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When he resigned as British Prime Minister, Boris Johnson sought to reassure the country that its “brilliant and Darwinian system” could be trusted to select his successor. Filling the post falls to his Conservative Party, since traditionally the head of the biggest party in Parliament also holds the top job in government. A crowded field of candidates compete for support and undergo successive selection rounds involving fellow-Tory lawmakers and finally rank-and-file party members. 

1. How does the selection system work? 

The procedure is governed by a group of Conservative members of Parliament, or MPs, known as the 1922 committee. The name is a reference to a general election a century ago, which was won by the Conservatives after the collapse of a coalition government. Tory MPs put themselves forward as candidates and form campaign teams to seek the backing of the party’s lawmakers. The field is whittled down in a series of ballots until only two remain, at which point their names are sent to grassroots Tory members across the country for a vote on the final choice. The opposition Labour party has a different system for choosing its leader, with the winner selected by party members and trade union supporters. 

2. How long does it take?

About eight weeks. The Conservatives wanted this contest to be as speedy as possible and managed to reduce the number of candidates to two before Parliament’s summer recess starting on July 21. The first ballot of Conservative MPs was held on July 13 and the party’s new leader, and therefore the UK’s next prime minister, will be announced on Sept. 5, Graham Brady, chairman of the 1922 Committee, told the BBC. The remaining candidates, former Chancellor of the Exchequer Rishi Sunak and Foreign Secretary Liz Truss, will make a six-week campaigning tour of the UK over the summer. Johnson, who is known for his rhetorical flourishes, compared the political process to the evolutionary system for species outlined by British naturalist Charles Darwin.

3. Who picks the winner? 

The job falls to about 175,000 grassroots Tory party members. That’s actually more than when Johnson himself won the leadership contest in 2019, but far short of the 47.6 million adults eligible to vote in a general election. According to the latest data for 2020 compiled by the Queen Mary University of London and the Sussex University Party Members Project, 63% of Conservative Party grassroots are male. On average they’re in their late 50s — but four in ten are over 65, with only 6% aged 18-24. They tend to be better off, with eight of ten saying they are in the three highest economic and social groups by wealth and education. Meanwhile, over nine in ten identify as white British, and nearly half of them live in southern England. 

4. Who is running the country in the meantime?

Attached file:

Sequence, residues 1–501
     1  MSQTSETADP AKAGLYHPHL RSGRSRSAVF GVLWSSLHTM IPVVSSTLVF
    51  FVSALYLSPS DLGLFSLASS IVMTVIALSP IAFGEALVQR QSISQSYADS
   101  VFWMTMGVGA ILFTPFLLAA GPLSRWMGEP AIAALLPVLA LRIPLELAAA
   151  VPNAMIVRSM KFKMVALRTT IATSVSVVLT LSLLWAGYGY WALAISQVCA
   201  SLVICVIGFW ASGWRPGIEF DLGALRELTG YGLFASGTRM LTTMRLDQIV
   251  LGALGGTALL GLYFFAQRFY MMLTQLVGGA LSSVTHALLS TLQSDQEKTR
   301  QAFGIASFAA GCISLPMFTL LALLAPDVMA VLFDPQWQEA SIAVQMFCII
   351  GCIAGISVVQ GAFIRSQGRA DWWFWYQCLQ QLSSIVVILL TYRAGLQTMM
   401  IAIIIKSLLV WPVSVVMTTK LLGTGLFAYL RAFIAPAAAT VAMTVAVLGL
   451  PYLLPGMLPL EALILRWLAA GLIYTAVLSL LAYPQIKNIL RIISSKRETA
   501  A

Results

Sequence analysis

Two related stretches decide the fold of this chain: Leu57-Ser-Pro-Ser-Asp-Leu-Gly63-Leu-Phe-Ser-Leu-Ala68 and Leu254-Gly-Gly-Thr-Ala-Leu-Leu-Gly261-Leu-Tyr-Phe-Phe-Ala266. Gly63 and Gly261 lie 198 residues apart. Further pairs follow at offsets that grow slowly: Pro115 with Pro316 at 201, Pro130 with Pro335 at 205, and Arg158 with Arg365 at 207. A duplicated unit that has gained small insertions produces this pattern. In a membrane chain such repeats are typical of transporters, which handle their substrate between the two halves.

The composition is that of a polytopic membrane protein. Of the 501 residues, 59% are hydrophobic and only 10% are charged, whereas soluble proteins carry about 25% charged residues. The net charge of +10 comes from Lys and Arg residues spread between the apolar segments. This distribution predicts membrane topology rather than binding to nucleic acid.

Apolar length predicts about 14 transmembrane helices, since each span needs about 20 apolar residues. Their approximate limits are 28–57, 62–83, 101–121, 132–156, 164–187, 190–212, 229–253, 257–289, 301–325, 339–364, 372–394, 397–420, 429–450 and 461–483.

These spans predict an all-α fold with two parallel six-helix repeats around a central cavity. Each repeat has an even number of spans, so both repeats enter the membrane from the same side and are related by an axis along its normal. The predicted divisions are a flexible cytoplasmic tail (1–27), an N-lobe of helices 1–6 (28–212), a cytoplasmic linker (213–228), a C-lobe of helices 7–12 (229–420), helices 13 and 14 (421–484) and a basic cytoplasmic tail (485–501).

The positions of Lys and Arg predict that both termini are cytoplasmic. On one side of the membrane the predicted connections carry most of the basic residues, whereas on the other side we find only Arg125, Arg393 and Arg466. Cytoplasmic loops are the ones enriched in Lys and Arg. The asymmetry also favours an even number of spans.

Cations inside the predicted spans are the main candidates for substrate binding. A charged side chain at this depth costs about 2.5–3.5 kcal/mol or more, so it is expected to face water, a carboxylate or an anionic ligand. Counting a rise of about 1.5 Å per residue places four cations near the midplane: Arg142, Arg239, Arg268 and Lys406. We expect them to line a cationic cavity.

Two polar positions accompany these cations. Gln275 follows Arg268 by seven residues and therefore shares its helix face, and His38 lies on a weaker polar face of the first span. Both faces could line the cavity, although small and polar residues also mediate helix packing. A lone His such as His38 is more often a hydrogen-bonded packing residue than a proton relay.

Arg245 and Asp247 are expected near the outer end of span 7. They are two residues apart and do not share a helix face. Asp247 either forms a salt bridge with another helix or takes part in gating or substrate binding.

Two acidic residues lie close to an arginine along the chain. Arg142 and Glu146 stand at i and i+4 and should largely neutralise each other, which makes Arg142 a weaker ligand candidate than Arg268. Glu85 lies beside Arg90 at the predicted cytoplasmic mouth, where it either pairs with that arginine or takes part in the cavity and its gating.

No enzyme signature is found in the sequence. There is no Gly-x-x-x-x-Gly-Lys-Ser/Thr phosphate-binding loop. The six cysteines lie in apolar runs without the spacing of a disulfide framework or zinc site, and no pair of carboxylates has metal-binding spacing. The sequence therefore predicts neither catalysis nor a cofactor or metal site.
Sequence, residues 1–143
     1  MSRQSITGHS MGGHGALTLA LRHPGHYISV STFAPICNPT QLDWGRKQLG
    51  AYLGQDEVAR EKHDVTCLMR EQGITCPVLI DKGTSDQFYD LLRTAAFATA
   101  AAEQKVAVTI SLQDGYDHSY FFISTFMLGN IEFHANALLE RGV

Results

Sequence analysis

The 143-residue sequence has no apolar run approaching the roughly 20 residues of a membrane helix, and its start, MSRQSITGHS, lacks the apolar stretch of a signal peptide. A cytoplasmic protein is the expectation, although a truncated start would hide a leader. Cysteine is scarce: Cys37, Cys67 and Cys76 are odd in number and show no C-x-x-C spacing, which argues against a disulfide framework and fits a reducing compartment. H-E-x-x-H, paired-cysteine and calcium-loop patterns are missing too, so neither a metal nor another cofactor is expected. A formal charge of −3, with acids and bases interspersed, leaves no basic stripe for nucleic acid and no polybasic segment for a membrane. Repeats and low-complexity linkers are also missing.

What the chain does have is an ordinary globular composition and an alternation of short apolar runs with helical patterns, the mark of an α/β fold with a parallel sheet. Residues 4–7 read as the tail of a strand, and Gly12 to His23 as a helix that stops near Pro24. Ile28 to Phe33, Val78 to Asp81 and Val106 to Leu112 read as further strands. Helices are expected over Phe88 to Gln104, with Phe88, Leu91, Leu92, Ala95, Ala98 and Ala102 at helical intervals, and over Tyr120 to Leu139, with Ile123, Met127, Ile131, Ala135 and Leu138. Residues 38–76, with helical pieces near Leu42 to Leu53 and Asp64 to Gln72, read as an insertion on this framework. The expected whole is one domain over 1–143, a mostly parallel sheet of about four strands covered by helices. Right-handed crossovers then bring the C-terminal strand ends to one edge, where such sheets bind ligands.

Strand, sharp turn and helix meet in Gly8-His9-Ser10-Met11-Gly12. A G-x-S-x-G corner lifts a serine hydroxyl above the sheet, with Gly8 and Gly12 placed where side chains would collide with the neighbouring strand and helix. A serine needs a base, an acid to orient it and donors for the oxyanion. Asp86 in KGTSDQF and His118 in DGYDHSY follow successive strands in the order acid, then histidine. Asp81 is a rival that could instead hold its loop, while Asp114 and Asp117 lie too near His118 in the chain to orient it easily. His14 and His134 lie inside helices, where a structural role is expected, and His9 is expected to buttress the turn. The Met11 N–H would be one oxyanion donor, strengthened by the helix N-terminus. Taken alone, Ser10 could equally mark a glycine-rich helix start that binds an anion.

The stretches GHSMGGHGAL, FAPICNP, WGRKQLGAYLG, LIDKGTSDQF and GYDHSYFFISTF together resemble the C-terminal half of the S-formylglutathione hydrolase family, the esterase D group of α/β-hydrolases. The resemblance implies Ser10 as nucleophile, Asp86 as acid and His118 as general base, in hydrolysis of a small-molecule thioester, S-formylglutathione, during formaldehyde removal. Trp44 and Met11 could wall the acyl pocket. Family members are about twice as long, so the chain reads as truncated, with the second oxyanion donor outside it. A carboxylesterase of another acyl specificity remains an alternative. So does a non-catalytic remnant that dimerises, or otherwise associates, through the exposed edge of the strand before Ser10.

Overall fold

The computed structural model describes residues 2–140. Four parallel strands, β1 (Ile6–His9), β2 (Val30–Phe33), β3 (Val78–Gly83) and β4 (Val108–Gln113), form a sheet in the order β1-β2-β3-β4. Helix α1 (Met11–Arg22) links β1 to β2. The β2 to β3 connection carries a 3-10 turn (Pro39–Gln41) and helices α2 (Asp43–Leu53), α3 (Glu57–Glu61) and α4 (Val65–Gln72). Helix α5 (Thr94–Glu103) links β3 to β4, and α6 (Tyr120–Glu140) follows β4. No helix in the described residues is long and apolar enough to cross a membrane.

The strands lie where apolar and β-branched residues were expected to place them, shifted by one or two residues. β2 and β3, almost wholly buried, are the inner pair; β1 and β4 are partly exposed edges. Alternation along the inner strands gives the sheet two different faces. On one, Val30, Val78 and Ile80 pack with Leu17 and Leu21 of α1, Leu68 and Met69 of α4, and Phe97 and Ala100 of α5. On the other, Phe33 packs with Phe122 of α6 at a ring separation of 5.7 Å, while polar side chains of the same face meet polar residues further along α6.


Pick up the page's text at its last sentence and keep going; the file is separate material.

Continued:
Johnson remains in charge until a new leader is in place, as his predecessor Theresa May did. Labour wanted him out sooner and pushed for a parliamentary vote of no confidence to try to bring down Johnson’s caretaker administration and trigger national elections. Johnson survived the vote with the support from his own MPs. 

5. Why won’t voters get to choose the next leader?  

Conservative lawmakers want to avoid elections — at least right now — as their party has been trailing Labour in the polls. The next national vote isn’t due until January 2025, though it could be held earlier. The Tories currently hold 358 seats out of the total 650, giving them a 66-seat simple majority and a slightly larger working margin because there are some non-voting MPs. Generally the ruling party is the one with the most seats in Parliament, although minority governments and coalitions are possible. 

6. What are the prospects for the new leader?

Whoever replaces Johnson will inherit an economy buffeted by a cost-of-living crisis with inflation running at the fastest pace in four decades. Unrest among trade unions is fomenting as rail staff, postal workers, teachers and trial lawyers all declared walkouts or have debated doing so, prompting parallels with the 1970s. The new leader will also have to repair a fractured party that’s had 12 years in power and suffered as Johnson’s administration lurched from one crisis to another. And they’ll have to mend relations with the European Union that have been strained by Johnson’s threats to renege on the Brexit agreement he negotiated. Pressure was building on Johnson for months after a series of scandals, including the so-called “Partygate” events during the pandemic, for which the 58-year-old leader became the first premier found to have broken the law while in the top job. 

• Bloomberg Opinion writers examine the Johnson legacy.

• What we know about the 175,000 Tory party members.

• A New York Times article on diversity among Tory leadership candidates.

• A poll suggests Sunak would lose a vote of Tory party members.

• The Atlantic offers an upbeat take on Britain’s political chaos.

More stories like this are available on bloomberg.com

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